Squash Racquets Association of Malaysia (SRAM) director of coaching Major (rtd) S. Maniam still maintains a positive outlook on the performance of the national players. Pic by OWEE AH CHUN

KUALA LUMPUR: Squash Racquets Association of Malaysia (SRAM) director of coaching Major (rtd) S. Maniam has highlighted a need for national players to adapt to playing at higher levels of intensity after no Malaysian player managed to qualify for the main draw of the British Open in Hull this week.

The final round of qualifying in the men's competition yesterday witnessed Ng Eain Yow falling to Frenchman Greggoire Marche 11-4, 11-6, 11-6, while Nafiizwan Adnan was forced to retire against England's George Parker due to a calf injury in the third game. Ivan Yuen had earlier lost to Yip Tsz Fung of Hong Kong in the opening round.

S. Sivasangari, Malaysia's sole representative in the women's category, lost to Belgian Nele Gilis 7-11, 11-6, 11-7, 11-5 in the final round of qualifying. Nicol David had earlier this month withdrawn from the competition due to injury.

Maniam admitted it was not the result he was hoping for, though he still maintained a positive outlook on the performance of the national players.

"I would have been much better if at least one or two of our players made the main draw, but it is not easy to do that at this level," said Maniam, when contacted earlier today (Tuesday).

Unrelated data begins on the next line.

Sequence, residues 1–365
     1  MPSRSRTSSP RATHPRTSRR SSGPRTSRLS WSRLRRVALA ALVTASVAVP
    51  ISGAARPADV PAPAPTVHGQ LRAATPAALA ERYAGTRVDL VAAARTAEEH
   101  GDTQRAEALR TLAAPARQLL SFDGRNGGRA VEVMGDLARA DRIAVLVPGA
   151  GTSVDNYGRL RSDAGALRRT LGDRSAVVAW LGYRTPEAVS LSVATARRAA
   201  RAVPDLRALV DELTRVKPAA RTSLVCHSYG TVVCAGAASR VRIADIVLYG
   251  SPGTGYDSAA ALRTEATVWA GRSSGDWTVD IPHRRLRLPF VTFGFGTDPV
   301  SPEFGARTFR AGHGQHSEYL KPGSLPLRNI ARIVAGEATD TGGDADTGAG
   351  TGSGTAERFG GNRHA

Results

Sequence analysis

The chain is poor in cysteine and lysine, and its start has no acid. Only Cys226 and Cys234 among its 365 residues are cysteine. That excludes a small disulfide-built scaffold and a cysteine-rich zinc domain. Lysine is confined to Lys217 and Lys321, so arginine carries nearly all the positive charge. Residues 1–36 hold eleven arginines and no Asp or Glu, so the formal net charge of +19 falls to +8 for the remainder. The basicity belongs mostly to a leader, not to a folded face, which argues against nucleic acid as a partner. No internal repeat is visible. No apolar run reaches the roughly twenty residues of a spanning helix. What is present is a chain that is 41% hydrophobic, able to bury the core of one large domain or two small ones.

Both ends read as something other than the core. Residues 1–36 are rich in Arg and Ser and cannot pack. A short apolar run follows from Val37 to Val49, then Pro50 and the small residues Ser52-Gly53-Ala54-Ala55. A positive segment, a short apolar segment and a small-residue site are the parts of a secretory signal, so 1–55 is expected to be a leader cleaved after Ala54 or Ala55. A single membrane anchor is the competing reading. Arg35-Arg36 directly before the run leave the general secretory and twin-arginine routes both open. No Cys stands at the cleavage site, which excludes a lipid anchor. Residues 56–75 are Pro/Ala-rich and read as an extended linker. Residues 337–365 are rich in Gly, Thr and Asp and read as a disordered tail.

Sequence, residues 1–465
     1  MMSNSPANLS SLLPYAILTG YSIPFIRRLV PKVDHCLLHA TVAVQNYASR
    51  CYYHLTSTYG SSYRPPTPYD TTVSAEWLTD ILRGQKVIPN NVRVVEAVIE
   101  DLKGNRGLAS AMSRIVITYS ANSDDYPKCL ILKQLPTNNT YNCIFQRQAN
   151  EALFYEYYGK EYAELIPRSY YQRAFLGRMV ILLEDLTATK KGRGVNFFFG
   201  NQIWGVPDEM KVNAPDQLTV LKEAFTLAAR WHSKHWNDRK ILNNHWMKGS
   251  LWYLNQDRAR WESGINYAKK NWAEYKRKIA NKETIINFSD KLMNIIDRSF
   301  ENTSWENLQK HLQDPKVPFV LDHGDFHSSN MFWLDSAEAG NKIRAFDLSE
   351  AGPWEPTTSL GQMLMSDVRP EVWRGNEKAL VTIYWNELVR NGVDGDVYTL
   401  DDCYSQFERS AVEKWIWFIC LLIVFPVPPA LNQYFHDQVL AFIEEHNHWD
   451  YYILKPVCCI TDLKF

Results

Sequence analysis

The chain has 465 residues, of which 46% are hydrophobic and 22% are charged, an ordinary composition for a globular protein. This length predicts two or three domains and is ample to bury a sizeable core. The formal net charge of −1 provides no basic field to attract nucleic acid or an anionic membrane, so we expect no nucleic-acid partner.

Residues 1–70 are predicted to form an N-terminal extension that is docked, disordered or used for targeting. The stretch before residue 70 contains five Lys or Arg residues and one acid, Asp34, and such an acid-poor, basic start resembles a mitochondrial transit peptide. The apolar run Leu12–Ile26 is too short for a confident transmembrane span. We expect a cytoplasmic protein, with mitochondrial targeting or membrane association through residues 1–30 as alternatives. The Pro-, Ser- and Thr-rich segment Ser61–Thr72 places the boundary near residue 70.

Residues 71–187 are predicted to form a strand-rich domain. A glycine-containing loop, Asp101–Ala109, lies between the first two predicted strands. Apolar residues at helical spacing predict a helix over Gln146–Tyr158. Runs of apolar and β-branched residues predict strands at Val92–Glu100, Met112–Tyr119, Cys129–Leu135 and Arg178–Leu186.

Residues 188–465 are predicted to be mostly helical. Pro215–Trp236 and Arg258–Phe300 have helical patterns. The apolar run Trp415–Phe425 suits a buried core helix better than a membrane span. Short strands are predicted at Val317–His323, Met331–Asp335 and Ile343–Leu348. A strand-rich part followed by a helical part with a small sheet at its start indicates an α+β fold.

"We must realise that besides Ivan and Nafiizwan, we sent a young group of players to compete in the British Open. Their performances were decent, but it was not the best in terms of results, and now we can only go forward from here."

Maniam said while national players were comfortable playing in lower level competitions, the British Open highlighted a number of areas that need improvement.

"I am quite pleased with the technique and skills that our players have. You will find they have a sound game, but when you raise the tempo, they seem to find the going quite tough.

"The level of power and pace in the game at competitions such as the British Open is much higher. This means our players need to be fitter, faster and stronger, which are key areas that we are going to look at to improve.

"Having the necessary experience at this level of intensity is also absolutely crucial as well. We will have to work continuously to raise their level."

Meanwhile, SRAM are currently hosting a World Squash Federation (WSF) sanctioned level one tutor and coaching course for participants from Malaysia, Brunei and Iran as part of their efforts to ramp up coaching education in the region.

Maniam, who is also chairman of the WSF coaching commission, is leading the week-long course in Bukit Jalil.

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